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  1. #11
    markbarendt's Avatar
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    Quote Originally Posted by David Lyga View Post
    mark: Does the weight really help with this?
    I was joking a bit but yes, increasing the total mass of the camera with the mirror mass and speed remaining the same reduces the effect of mirror slap.

    Whether or not that makes any difference on a given shot is open.

    The reason I was joking is that the extra weight takes more effort to hold and that may add to camera shake.

    I do hand carry this regularly but when shots are important I like to use a monopod or tripod.
    Mark Barendt, Beaverton, OR

    "We do not see things the way they are. We see things the way we are." Anaïs Nin

  2. #12

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    Quote Originally Posted by markbarendt View Post
    I sold off my Nikkor 105mm f2.5.
    Unfortunately, I've had to report you to the Bureau of Traditions and Legacies Enforcement. I'm truly sorry, I did it for the children.

    s-a
    I photograph things to see what things look like photographed.
    - Garry Winogrand

  3. #13
    markbarendt's Avatar
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    Quote Originally Posted by semi-ambivalent View Post
    Unfortunately, I've had to report you to the Bureau of Traditions and Legacies Enforcement. I'm truly sorry, I did it for the children.

    s-a
    Giggle
    Mark Barendt, Beaverton, OR

    "We do not see things the way they are. We see things the way we are." Anaïs Nin

  4. #14
    cliveh's Avatar
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    That sort of focal length is probably the limit for getting away with hand held.

    “The contemplation of things as they are, without error or confusion, without substitution or imposture, is in itself a nobler thing than a whole harvest of invention”

    Francis Bacon

  5. #15
    markbarendt's Avatar
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    Quote Originally Posted by cliveh View Post
    That sort of focal length is probably the limit for getting away with hand held.
    Actually not, I shoot to 300mm regularly, great for picking people out in a crowd. Just need to keep shutter speeds up, 400 speed films are great here.
    Mark Barendt, Beaverton, OR

    "We do not see things the way they are. We see things the way we are." Anaïs Nin

  6. #16
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    I have had a Canon FD 70-210L lens for more than 20 years and don't use it half as much as my Canon FD 28-85 f4 which is to me a much more useful do everything walk around lens.
    Ben

  7. #17

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    Quote Originally Posted by benjiboy View Post
    I have had a Canon FD 70-210L lens for more than 20 years and don't use it half as much as my Canon FD 28-85 f4 which is to me a much more useful do everything walk around lens.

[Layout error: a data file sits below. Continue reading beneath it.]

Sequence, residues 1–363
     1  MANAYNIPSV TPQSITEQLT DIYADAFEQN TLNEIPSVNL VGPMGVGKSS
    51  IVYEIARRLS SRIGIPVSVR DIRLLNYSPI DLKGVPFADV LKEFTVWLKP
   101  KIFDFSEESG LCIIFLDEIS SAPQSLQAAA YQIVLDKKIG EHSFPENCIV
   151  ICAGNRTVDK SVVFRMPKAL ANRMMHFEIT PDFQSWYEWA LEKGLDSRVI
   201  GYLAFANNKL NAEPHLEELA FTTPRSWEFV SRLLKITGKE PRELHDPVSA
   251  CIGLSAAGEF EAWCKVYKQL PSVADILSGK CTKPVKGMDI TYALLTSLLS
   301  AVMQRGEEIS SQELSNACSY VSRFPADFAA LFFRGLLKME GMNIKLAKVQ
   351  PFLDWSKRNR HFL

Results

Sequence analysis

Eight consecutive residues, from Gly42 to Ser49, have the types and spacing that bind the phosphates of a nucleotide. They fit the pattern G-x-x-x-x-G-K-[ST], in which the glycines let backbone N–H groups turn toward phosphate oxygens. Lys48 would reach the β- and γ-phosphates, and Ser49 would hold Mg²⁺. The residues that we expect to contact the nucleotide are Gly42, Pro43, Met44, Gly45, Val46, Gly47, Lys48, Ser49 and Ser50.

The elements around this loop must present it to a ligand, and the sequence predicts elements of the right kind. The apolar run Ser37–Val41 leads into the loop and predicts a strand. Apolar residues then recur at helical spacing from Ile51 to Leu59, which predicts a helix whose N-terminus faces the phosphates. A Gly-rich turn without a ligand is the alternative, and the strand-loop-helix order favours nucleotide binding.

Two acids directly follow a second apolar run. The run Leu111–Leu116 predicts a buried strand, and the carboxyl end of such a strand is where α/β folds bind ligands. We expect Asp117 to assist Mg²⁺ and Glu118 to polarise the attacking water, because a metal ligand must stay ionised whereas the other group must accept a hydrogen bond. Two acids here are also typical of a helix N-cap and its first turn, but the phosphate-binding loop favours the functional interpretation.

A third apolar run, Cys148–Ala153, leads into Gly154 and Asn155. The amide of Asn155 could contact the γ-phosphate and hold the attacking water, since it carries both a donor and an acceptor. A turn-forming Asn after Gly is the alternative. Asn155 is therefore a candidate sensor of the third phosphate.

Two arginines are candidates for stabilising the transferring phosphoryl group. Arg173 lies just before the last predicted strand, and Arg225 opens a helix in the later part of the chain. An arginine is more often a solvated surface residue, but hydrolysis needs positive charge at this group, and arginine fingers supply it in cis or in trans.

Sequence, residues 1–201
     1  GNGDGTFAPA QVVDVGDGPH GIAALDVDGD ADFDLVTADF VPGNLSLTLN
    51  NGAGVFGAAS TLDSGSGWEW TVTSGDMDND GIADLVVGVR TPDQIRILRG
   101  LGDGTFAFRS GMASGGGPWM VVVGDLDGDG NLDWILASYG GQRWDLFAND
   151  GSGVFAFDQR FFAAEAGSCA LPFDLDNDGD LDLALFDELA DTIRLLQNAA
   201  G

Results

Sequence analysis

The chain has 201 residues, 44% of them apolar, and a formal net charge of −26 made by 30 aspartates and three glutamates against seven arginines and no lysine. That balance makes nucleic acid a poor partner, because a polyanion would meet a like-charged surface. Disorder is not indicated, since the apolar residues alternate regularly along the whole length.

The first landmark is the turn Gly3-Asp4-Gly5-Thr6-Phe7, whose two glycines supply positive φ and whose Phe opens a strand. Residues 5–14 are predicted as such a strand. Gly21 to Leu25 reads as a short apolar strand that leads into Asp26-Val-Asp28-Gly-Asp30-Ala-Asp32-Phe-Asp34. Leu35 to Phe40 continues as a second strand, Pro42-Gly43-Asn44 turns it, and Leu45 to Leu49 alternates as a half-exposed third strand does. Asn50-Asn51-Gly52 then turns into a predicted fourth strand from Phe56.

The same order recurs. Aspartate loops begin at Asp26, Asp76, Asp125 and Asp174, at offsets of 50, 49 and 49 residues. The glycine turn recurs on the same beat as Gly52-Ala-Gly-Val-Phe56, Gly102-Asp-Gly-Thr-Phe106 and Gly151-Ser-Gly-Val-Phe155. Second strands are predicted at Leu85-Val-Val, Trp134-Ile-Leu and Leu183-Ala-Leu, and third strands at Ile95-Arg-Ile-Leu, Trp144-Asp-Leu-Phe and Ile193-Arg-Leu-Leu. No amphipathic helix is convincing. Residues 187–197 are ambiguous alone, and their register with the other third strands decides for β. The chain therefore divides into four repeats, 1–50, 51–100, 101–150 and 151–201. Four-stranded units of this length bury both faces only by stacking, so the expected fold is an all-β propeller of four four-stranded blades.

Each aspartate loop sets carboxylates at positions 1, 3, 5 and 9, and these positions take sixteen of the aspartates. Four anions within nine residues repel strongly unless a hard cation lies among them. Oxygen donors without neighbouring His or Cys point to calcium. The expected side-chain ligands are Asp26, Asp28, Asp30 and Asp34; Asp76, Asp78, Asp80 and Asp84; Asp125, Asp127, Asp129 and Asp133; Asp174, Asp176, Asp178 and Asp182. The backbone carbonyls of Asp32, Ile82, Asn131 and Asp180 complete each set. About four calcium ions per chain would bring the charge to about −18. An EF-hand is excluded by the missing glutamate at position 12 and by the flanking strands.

While I am inclined to agree with David re the ubiquity of the (70)80-200(210)mm lenses, I, too, benjiboy, find myself turning to my 28-70 F2.8mm ED at least as much as I do to my 80-200mm F2.8 ED Nikkor. That said, I still prefer (and use) primes for the majority of my shooting.
    An assortment of F-series Nikons (F to F6, excluding the F4) with quite a few Nikkors, a pair of M6s with some Leitz glass, a pair of 500c/ms with a wide range of Zeiss optics and, just to help keep Duracell solvent, a D800.

    Favourite films: (1). KE ("Kodachrome Era"): 35mm: PKM25 and PKR64, HP5/Tri-X; 120: PKR64, PanF, FP4. (2). PKE ("Post-Kodachrome Era"): (a) 35mm: E100G, HP5 Plus/Tri-X and Delta 3200; (b) 120: E100G, PanF Plus, FP4 Plus, TMax 100.

  8. #18
    markbarendt's Avatar
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    I have a 28-80 2.8 Tokina and one day want to upgrade it to the Nikon. That range is very nice.
    Mark Barendt, Beaverton, OR

    "We do not see things the way they are. We see things the way we are." Anaïs Nin

  9. #19
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    The words "Telephoto" and "Zoom" were marketed heavily in the 1970s and 1980s. A 80-200 combines both words, thus making it very marketable. The ubiquity of these lenses is due to marketing. I can't say I don't own one, because 80-200mm lenses sometimes come free when you buy a body. Personally I don't find the combination (zoom + telephoto) very useful.

  10. #20

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    I have a Sigma 28-200 that hasn't seen the light of day for 20 years, but was quite useful when stopped down and reasonably compact. The general buying trend used to be 50 with the camera body, then 28 and/or 135. The telephoto morphed into 70-210, after which the 1990s kit zoom idea took off, first at 35-70, then 28-85.

    Ebay is bursting with unbranded zoom lenses of modest apertures. Some are okay if good light, but they've fallen from fashion.

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